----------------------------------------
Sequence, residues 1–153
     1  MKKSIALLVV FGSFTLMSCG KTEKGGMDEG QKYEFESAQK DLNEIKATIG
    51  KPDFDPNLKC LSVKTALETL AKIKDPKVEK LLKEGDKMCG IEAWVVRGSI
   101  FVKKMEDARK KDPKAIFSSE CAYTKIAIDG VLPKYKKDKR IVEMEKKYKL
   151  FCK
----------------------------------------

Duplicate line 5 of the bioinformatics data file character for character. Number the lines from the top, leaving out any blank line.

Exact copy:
   151  FCK